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ICANN still rules the Net

The U.S. Commerce Department extends for one more year its contract with the organization that governs the Internet's infrastructure.

As expected, the U.S. Commerce Department has extended for one more year its contract with the organization that governs the Internet's infrastructure.

The Internet Corporation for Assigned Names and Numbers (ICANN) was granted another extension to oversee the administration of domain names--the third expansion of an agreement originally struck in 1998.

The agreement requires closer government oversight of ICANN and more transparency in the organization's plans and actions. Government officials have said this is a crucial year for the organization. Critics have accused ICANN of unnecessary secrecy and failing to include the public in its decisions.

ICANN said the renewal underscores the government's goal of private-sector management of the Internet as the organization responds to concerns about its reorganization and handling of Web addresses.

"The continued cooperation and support of the Department of Commerce will allow ICANN to complete its ongoing reform processes and to resume progress towards its stated goals," ICANN CEO M. Stuart Lynn said in a statement.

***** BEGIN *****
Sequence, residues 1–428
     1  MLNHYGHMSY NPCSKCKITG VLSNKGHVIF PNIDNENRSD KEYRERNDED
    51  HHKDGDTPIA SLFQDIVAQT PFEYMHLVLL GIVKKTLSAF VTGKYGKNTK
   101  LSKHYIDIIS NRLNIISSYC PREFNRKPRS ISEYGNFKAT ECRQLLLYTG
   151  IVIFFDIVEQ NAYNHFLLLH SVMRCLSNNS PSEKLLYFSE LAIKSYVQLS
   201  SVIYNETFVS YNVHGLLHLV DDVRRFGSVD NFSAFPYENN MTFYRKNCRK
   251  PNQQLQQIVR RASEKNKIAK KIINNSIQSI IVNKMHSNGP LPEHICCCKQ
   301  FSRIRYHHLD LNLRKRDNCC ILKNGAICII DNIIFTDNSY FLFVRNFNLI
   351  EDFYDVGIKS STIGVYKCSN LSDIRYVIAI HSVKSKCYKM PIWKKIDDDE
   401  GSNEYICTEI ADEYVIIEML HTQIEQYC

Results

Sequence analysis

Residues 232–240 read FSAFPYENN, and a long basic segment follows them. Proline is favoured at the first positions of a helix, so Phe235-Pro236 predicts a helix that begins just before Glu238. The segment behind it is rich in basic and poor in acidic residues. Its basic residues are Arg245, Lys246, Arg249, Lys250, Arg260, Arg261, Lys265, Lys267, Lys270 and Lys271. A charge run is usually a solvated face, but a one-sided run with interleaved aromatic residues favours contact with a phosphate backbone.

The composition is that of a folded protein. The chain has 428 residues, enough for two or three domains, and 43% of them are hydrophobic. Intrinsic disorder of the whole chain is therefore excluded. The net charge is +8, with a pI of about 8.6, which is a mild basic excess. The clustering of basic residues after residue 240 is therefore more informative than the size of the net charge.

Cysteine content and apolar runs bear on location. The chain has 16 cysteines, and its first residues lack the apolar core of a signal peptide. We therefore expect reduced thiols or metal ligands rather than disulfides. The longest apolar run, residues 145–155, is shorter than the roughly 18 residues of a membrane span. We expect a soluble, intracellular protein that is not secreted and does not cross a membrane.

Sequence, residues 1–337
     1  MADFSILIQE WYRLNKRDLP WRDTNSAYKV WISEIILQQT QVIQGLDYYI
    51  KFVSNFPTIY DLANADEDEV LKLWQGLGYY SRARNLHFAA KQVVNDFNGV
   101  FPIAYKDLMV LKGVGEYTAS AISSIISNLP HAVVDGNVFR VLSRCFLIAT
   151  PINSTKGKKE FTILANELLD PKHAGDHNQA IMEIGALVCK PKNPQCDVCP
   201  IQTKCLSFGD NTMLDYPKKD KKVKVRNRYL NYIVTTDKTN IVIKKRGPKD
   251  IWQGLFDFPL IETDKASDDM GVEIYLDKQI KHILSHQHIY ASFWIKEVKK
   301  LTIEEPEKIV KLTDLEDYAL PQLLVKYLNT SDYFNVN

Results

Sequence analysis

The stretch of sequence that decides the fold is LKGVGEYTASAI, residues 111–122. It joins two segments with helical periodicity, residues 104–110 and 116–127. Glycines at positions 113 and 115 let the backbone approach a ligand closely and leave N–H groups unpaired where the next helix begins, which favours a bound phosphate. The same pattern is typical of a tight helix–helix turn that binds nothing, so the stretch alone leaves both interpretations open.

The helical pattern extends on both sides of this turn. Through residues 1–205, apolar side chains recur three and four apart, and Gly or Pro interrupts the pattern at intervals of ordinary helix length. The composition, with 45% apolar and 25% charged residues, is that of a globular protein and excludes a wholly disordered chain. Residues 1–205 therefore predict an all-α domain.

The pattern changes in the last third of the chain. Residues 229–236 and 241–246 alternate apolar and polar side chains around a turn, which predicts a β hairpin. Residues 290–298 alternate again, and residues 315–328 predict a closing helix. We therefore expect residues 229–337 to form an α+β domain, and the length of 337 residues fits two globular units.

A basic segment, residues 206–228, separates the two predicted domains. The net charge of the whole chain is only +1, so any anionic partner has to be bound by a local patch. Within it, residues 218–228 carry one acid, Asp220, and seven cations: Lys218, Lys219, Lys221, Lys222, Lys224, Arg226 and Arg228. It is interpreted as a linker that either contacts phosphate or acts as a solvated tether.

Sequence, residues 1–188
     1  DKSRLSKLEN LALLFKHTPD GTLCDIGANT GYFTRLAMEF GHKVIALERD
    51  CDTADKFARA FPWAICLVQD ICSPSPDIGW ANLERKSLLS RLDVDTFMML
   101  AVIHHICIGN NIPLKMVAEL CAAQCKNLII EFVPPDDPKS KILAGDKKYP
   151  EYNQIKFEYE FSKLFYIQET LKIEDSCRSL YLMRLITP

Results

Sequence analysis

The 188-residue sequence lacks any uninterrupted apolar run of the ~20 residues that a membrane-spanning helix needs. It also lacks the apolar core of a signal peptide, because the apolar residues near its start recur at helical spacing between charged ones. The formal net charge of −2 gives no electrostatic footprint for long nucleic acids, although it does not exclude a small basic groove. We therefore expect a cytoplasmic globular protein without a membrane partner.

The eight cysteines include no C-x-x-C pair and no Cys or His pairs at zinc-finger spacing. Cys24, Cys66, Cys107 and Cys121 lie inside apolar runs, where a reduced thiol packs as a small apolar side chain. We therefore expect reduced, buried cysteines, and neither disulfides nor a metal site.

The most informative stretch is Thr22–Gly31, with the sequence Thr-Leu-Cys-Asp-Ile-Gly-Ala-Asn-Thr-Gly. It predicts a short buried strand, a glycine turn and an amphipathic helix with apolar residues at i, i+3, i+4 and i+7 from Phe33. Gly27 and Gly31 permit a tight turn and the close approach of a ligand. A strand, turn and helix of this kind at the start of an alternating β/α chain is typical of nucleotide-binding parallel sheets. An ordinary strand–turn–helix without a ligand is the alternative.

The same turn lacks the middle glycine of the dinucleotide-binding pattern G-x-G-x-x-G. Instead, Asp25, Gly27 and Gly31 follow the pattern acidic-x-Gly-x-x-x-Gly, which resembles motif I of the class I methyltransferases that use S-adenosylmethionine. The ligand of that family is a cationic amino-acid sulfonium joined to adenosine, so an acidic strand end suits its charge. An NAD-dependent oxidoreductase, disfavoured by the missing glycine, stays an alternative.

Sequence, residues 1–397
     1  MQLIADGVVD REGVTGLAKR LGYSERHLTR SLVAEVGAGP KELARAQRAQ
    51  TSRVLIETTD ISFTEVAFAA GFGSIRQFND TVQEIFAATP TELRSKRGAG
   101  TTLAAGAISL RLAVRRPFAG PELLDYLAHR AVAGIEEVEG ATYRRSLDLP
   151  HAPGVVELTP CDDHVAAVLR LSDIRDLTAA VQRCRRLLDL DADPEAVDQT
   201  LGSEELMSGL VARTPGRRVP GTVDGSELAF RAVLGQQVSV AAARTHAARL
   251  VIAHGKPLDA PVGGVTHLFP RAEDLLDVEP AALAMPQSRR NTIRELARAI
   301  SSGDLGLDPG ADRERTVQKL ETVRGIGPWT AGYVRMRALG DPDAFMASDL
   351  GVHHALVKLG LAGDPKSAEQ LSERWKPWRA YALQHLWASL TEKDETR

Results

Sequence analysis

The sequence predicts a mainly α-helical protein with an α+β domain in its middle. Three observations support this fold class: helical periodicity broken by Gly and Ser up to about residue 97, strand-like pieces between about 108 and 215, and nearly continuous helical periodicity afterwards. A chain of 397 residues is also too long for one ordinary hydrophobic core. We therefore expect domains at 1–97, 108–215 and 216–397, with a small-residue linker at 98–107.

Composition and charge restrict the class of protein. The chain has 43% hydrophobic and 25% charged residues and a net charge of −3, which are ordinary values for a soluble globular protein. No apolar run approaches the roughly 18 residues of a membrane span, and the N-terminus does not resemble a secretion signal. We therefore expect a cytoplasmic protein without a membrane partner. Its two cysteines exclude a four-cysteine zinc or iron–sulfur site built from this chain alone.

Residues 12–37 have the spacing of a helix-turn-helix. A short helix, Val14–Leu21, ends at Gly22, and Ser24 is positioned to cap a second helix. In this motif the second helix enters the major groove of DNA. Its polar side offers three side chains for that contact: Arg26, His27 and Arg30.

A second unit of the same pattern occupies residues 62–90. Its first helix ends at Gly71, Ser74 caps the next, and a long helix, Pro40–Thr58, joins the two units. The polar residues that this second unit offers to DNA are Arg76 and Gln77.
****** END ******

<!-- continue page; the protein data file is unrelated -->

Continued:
The controversial organization has had an exceptionally rocky year. ICANN has come under fire for several recent actions, including a reform plan that involved the elimination of publicly elected board members and its process of selecting a successor to run the .org domain when VeriSign relinquishes control. ICANN also was successfully sued by one of its own board members, who won the right to review documents ICANN tried to keep under wraps.

Some ICANN critics have called on the Department of Commerce not to renew the contract, but that would have required creating or designating another body to do ICANN's work.